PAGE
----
Could Grexit Delay Liftoff?


New York Federal Reserve Bank President William Dudley left September in play for liftoff in an interview with the Financial Times published on Sunday. His comments, however, were actually made on Friday, before Greece upped the ante further by punting the decision on reforms to a referendum after their next payment comes due at midnight in Greece on June 30. Financial markets have been much calmer than they were on this issue three years ago because the direct contagion risks are now much smaller Read More »

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Greece Closes Banks and Readies for Default


Deadlines have come and gone before, but there is a strong sense that this will be the momentous week of resolution for Greece. On Sunday, after the collapse of negotiations with the European partners and the International Monetary Fund (IMF), Greece announced a bank holiday until July 6th and introduced capital controls, mostly aimed at stopping the flight of deposits and liquidity from the banking system.

Despite the narrowing of the gap between the Greek government on the one side and the European Union (EU) and the international creditors on the other, the Greek Prime Minister Alexis Tsipras was incapable or unwilling to muster the strength to close the deal. Read More »

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The U.S. Consumer is Back


Personal consumption expenditures surged at a 0.9% pace in May and were revised up for the month of April. Personal incomes jumped at a 0.5% rate and were also revised up in April. The data on May, coupled with upward revisions to April, confirm Read More »

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New Home Sales Surge


New home sales accelerated to a 546,000-unit pace in May. This data not only beat expectations but also comes after a strong upward revision to April. Both the Northeast and West posted increases from April Read More »

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Dismal Durable Goods Orders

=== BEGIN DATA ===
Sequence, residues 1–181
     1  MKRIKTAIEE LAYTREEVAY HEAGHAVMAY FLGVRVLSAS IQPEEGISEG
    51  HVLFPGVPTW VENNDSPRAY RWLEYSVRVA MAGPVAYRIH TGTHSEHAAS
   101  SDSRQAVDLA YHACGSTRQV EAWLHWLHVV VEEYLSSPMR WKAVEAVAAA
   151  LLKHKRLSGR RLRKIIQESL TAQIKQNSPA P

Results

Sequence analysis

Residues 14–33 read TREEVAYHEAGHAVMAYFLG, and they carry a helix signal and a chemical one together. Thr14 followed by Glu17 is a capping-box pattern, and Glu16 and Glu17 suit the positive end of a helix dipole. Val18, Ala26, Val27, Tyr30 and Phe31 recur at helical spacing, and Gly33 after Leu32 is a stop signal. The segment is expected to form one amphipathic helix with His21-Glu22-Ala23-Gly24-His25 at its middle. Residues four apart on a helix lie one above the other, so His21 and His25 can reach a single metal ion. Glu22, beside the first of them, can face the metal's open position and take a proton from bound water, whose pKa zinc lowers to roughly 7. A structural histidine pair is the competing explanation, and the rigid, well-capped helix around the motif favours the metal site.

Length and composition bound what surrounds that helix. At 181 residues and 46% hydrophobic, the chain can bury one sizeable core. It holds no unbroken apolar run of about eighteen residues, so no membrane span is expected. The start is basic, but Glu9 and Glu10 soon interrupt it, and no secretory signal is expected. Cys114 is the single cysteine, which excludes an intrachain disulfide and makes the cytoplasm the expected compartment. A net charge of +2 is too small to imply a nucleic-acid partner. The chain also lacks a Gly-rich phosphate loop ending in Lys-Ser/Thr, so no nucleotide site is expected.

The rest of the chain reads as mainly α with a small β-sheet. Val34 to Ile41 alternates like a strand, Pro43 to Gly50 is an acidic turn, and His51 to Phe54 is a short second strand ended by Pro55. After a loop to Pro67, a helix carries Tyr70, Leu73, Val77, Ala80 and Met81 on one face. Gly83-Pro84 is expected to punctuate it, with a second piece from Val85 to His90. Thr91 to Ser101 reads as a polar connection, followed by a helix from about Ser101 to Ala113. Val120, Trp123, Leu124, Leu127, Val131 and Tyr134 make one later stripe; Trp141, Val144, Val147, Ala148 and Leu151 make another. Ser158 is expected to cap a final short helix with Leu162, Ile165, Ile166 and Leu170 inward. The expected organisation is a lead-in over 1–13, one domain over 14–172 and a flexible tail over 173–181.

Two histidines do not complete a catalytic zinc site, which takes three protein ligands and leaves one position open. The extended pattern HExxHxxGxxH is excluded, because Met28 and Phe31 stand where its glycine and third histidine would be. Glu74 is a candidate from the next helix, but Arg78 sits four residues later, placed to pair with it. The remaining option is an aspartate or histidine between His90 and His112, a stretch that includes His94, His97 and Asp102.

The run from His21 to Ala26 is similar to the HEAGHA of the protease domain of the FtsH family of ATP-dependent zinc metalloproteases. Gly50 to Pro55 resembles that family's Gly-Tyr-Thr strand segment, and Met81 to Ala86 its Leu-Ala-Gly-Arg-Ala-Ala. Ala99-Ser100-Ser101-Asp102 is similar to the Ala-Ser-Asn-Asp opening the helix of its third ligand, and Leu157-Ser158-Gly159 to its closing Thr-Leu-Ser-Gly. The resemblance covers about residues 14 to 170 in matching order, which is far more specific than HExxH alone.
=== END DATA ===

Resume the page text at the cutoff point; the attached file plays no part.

Durable goods orders fell 1.8% in May and were revised down for the month of April. Much of the drop was driven by a sharp drop in aircraft orders, which are extremely volatile. The remainder, however, was a disappointment. The vehicle sector, which had been one of the bright spots for factory orders, flatlined in May Read More »

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Home Sales Highest Since 2009


Existing home sales grew to 5.35 million on an annualized basis in May. That is the fastest pace of sales since November 2009 when sales were inflated by the temporary tax credit for first-time home buyers. Read More »

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Prices Jump on Gas and Airfares


The Consumer Price Index (CPI) rose 0.4% in May, driven by a sharp increase in prices at the pump. The overall index, however, remained unchanged from a year ago Read More »

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Fed Insinuates More Than It Says


The Federal Reserve voted unanimously to do nothing at the June meeting. Fed Chair Janet Yellen went out of her way to talk a lot, but say as little as possible, at the press conference about when and if the Fed will get to liftoff in September. The real message, however, was not in what the Fed said but in what was printed. Read More »

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Housing Starts Down, Permits Up


Housing starts plunged 11.1% to slightly above the million-unit mark in May, after a surge in April. The correction in May from the April spurt was expected and somewhat offset by upward revisions to the April data. The housing market was playing catch-up in April after a dismal winter. Read More »

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Industrial Production is Struggling


Industrial production declined 0.2% in May after falling more than initially reported in April. Revisions earlier in the year had been to the upside. Oil and gas extraction, in particular, did not collapse as rapidly as we thought. Overall production activity is about even with where we were in January, which isn’t exactly a sign of progress. Read More »

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